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NOAA Satellites
The legacy of NOAA's satellites

For more than 50 years, NOAA weather satellites have provided U.S. citizens and global partners with advance warning of extreme weather and natural disasters. Satellites are vital for the weather forecasts NOAA provides to the American public-at-large, including emergency managers and first responders, farmers and the agricultural community, the aviation industry, decision makers and political leaders, coastal residents and maritime transportation. The frequency and severity of extreme weather events, like Hurricane Sandy, serve as a reminder of the importance to maintain all the critical tools necessary for accurate weather forecasting, including key observations provided by satellites.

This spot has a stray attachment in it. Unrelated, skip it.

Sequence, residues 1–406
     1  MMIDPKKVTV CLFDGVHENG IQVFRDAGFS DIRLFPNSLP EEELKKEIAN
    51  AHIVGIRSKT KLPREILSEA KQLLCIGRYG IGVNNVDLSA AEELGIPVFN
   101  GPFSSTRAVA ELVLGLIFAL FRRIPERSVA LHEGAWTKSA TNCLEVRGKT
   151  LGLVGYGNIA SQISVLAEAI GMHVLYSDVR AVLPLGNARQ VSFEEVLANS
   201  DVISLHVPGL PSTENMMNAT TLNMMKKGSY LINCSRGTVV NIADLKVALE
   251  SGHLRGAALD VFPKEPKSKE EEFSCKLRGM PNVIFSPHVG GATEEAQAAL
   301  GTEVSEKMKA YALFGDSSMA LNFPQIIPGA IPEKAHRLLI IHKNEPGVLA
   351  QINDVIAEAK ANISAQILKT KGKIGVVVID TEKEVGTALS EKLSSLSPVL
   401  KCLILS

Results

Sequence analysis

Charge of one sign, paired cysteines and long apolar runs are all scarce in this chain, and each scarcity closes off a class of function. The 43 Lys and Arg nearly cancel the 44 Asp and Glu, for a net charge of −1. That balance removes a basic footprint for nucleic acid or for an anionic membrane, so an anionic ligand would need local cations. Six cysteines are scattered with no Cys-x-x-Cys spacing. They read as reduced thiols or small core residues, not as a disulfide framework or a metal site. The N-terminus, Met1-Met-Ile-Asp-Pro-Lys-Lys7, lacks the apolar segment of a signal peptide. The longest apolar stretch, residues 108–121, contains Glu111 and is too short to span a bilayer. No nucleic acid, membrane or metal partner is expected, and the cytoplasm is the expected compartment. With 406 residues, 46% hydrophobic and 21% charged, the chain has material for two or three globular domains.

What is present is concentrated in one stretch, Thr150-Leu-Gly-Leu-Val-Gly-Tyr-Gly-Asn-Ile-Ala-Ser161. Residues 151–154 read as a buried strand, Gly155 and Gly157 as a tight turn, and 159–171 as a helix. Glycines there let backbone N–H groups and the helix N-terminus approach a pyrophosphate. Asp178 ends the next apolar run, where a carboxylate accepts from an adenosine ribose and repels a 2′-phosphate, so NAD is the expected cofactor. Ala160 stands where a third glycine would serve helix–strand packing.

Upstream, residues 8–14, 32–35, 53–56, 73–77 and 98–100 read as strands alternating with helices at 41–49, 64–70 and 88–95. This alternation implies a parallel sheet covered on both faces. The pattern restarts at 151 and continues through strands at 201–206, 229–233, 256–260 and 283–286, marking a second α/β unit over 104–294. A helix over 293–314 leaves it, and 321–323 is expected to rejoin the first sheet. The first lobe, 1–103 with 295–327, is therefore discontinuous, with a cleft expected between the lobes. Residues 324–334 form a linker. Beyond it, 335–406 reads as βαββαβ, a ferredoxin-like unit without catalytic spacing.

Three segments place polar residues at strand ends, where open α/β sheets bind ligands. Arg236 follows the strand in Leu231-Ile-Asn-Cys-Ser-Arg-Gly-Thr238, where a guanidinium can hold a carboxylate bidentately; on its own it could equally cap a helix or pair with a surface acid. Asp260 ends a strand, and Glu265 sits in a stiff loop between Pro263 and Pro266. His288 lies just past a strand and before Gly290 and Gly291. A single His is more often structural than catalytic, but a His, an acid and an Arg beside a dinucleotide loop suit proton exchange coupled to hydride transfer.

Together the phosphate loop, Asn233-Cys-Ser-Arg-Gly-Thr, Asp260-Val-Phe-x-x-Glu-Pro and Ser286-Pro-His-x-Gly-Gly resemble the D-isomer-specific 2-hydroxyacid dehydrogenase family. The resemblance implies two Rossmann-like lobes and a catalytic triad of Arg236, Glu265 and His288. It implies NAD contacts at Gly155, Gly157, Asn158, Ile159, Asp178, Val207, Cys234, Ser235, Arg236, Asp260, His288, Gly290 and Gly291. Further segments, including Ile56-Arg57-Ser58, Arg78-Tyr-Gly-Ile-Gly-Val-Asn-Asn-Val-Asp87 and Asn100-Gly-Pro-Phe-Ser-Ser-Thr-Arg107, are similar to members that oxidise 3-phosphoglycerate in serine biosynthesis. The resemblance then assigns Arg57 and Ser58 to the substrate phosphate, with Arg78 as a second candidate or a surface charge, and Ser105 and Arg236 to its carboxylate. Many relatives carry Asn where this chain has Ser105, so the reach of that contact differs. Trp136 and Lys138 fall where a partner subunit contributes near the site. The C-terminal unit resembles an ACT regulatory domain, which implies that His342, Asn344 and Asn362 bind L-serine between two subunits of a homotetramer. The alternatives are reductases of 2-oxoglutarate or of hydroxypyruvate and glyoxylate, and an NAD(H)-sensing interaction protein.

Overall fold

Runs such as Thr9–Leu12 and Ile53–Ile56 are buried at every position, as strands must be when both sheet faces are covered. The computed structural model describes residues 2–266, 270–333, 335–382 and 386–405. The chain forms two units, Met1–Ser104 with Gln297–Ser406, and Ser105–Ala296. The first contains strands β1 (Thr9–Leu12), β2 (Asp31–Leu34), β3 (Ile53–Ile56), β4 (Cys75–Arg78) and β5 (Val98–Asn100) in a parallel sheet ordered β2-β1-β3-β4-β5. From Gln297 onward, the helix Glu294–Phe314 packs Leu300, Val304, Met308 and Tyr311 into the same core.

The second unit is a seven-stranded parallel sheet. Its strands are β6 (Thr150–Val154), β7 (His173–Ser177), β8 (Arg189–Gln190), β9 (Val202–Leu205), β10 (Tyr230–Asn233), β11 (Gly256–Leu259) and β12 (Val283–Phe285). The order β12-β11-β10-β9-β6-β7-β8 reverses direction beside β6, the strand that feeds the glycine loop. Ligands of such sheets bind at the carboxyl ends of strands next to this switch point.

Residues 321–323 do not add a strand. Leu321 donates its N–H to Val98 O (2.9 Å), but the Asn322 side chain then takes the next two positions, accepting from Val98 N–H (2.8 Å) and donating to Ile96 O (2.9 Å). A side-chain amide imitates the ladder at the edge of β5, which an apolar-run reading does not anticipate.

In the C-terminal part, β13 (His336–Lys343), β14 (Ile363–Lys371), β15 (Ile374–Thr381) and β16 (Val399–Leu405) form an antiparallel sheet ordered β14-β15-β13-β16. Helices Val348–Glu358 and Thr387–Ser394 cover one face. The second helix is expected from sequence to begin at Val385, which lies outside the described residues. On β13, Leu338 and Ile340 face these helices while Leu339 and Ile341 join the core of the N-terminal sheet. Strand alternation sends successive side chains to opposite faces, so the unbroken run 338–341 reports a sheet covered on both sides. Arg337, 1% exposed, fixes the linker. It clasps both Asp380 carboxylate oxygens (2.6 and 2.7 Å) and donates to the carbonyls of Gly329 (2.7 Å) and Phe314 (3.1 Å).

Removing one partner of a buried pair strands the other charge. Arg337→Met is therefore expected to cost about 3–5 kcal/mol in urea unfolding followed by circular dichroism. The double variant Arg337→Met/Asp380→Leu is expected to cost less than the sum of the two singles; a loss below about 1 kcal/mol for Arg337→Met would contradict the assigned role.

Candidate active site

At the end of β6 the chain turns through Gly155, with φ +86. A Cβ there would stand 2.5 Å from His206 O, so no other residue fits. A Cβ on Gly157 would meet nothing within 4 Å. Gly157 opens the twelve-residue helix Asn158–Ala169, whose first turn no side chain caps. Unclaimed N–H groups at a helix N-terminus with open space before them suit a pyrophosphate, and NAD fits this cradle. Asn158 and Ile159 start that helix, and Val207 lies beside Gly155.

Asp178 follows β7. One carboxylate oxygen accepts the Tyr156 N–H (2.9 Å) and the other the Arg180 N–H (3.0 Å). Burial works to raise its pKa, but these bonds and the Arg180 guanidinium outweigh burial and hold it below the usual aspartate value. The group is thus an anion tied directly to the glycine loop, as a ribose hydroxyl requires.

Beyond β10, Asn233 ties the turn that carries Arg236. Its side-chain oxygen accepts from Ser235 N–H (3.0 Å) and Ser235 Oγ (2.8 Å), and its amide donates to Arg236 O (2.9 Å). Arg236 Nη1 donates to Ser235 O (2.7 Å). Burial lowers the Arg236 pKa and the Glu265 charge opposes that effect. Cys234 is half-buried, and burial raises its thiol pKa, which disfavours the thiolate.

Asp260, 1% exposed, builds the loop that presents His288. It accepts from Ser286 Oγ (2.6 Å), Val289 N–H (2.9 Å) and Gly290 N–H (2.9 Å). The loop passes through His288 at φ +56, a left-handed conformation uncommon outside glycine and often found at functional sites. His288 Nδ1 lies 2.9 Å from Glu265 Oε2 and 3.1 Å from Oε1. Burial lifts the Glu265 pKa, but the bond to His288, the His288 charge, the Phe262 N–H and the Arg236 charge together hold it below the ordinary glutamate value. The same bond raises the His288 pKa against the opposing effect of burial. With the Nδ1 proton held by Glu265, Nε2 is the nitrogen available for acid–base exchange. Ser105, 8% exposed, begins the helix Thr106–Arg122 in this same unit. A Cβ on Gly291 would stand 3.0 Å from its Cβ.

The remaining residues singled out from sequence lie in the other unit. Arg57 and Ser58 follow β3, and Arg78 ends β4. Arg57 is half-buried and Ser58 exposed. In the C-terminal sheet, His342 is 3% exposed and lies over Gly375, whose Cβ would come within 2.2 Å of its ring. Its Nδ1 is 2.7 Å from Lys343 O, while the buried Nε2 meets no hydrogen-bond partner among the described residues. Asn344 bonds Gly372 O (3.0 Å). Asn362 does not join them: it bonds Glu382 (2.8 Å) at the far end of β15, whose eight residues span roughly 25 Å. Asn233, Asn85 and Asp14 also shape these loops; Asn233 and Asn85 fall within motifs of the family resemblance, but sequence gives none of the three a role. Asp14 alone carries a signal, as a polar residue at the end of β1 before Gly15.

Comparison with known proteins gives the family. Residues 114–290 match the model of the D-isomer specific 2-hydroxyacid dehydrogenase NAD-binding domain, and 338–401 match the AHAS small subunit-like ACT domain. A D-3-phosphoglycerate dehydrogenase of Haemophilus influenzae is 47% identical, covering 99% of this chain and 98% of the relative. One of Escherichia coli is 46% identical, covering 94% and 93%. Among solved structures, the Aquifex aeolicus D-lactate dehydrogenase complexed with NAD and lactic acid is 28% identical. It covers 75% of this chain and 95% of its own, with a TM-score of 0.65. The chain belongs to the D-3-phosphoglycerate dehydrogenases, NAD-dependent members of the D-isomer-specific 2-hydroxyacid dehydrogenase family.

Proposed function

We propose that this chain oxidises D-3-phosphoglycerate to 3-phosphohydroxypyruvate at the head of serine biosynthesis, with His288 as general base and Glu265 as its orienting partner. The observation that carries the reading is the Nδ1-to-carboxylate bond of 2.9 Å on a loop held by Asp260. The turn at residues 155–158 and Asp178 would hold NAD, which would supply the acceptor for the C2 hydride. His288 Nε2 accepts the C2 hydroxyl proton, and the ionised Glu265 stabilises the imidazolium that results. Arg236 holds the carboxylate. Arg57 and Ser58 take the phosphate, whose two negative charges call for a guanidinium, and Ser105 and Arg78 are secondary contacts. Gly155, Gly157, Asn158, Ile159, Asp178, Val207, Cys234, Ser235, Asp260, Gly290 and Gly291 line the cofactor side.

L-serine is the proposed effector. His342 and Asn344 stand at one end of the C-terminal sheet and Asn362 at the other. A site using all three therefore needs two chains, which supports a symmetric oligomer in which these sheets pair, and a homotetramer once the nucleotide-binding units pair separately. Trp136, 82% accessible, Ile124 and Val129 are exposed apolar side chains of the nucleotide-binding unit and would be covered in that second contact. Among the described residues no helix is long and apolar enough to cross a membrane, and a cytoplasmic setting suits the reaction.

NOAA satellites are critical to the Nation’s infrastructure and economy. Polar satellites provide critical weather forecasting for the $700 billion maritime commerce sector and offer a value of hundreds of millions of dollars for the fishing industry. NOAA satellites can also observe volcanic eruptions and track the movement of ash clouds—at a value of $100 to $200 million to the aviation industry.

NOAA operates satellites in two complementary orbits: Geostationary satellites, which constantly monitor a fixed area on the Earth from a perch over 22,300 miles above the Earth; and Polar-Orbiting satellites, which circle the Earth around 500 miles above the surface providing information and observations over the entire Earth - land, ocean and atmosphere, from pole- to- pole. Polar satellites are able to see the weather as it takes shape around the globe, while typical geostationary weather satellites, like GOES, see the weather within their limited domain.

For more information about NOAA Satellites, visit NESDIS NOAA Satellite Legacy [PDF]. To learn more about NOAA's satellite programs, visit NESDIS Satellite Information page.